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Lenses for Panasonic GH5...native?


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#1 Austin Pink

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Posted 13 August 2017 - 12:45 PM

Hey guys,

    I'm looking to get lenses for a new GH5 body. I was wondering if anyone had advice regarding first lens purchases. Would it be smarter to just get the Lumix line of lenses so I don't have to get an adapter right away. Or for future abilities, should I just get, for example, an EF adapter and some Canon glass. I do have somewhat of a limited budget and I would prefer to buy two or three primes instead of a zoom. Also any advice on the speedbooster and its value would be appreciated. I realize that was a lot, but any help is much appreciated. Thanks!


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#2 Macks Fiiod

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Posted 13 August 2017 - 01:20 PM

Speedboosters get the job done, although is it $400 for one? Depending on your budget, may not be worth it.

 

I've yet to encounter a single person who's given the Lumix line praise. To me they come off as a proprietary throw-in.

 

If you elect to get EF glass you'll find it more useful in terms of compatibility with other cameras down the line. Also there's simply far more EF glass out there.

 

PL is another thing to entertain if you have the cash.


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#3 Austin Pink

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Posted 13 August 2017 - 01:30 PM

Yeah thats pretty much what I was thinking. Also, when picking lenses, should I consider the crop factor of a micro 4/3. Like, for example, if I was considering a canon 50mm 1.8, should I basically consider that a long lens on the micro 4/3? I know the whole idea of converting it based on what a full sensor sees doesn't change the nature of the focal length, but I just want to be strategic about picking first glass.


Edited by Austin Pink, 13 August 2017 - 01:31 PM.

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#4 Landon D. Parks

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Posted 13 August 2017 - 01:50 PM

I've yet to encounter a single person who's given the Lumix line praise.

 

Glad to be the first...

 

There is nothing at all wrong with the Lumix line of lenses. Short of spending thousands of dollars on real cine-lenses, the HD-series, namely to 12-35 and the 35-100 are perfectly sharp, capable lenses. Are they perfect? No, but they are great lenses that work just fine and produce a perfectly pleasing image. Of course, each lens will run you about $600 or more (I paid $1,600 for my set), so they are far from the cheap $200 or less Lumix lenses that most people consider for the camera.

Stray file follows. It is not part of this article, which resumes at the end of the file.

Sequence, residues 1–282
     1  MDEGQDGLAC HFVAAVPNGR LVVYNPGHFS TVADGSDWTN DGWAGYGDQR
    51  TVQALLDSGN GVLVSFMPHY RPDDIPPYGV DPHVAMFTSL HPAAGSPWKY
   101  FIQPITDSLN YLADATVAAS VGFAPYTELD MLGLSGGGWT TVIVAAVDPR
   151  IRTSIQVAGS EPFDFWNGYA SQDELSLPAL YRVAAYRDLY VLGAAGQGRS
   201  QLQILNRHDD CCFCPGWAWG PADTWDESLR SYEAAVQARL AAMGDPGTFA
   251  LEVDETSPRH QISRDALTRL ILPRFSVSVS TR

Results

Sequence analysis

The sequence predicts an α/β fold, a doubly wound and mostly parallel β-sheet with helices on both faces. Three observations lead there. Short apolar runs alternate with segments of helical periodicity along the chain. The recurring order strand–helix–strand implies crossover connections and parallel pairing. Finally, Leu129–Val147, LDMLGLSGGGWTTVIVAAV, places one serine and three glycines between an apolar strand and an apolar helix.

Don't get me wrong, there are better lenses. If you can afford it, a speedbooster in combination with a really nice cinema lens or maybe even a high-end photo lens will give you great results as well, but hardly results I'd say are light years better than the HD-series of Lumix lenses. 

 

There are major advantages to the native lenses as well - namely no crop factor to consider, stabilization, auto-focus support (if you need it), glass that is designed to work with the camera, and the need to not have to deal with adapters.


Edited by Landon D. Parks, 13 August 2017 - 01:53 PM.

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#5 Michael Rodin

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Posted 13 August 2017 - 02:43 PM

Unless you've bought a GH for stills, look for lenses you can pull focus on.


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#6 Adrian Sierkowski

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Posted 13 August 2017 - 02:51 PM

Were I you; I'd look into the Rokinon line of cine lenses for EF Mount. They're cheap, and they rang from a 8mm to a 10/12/14/16/24/35/50/85/100/135. The wider end lenses are vital on a M4/rds sensor, and what's nice is you can even throw them on other EF cameras when you need a light, cheap, disposable, almost lens.

The fact they are fully manual is also very helpful as you don't need to worry about adapter compatibility.

They're really not spectacular in any way; but for the price, can't really be beaten. I've even used them on the Dragon etc before and unless I told you it was a $300 lens, no one would notice, nor care.


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#7 Landon D. Parks

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Posted 13 August 2017 - 02:52 PM

Proper cine-focus lenses are, well, expensive.... Otherwise, your stuck with still photography lenses, which aren't much better at pulling focus than the GH line. I mean, it seems kind of overkill to stick a $10,000 cinema-zoom lens on a $1,500 GH5. I still own my Sigma 18-35 and a M43 speedboosters, but rarely use them any longer.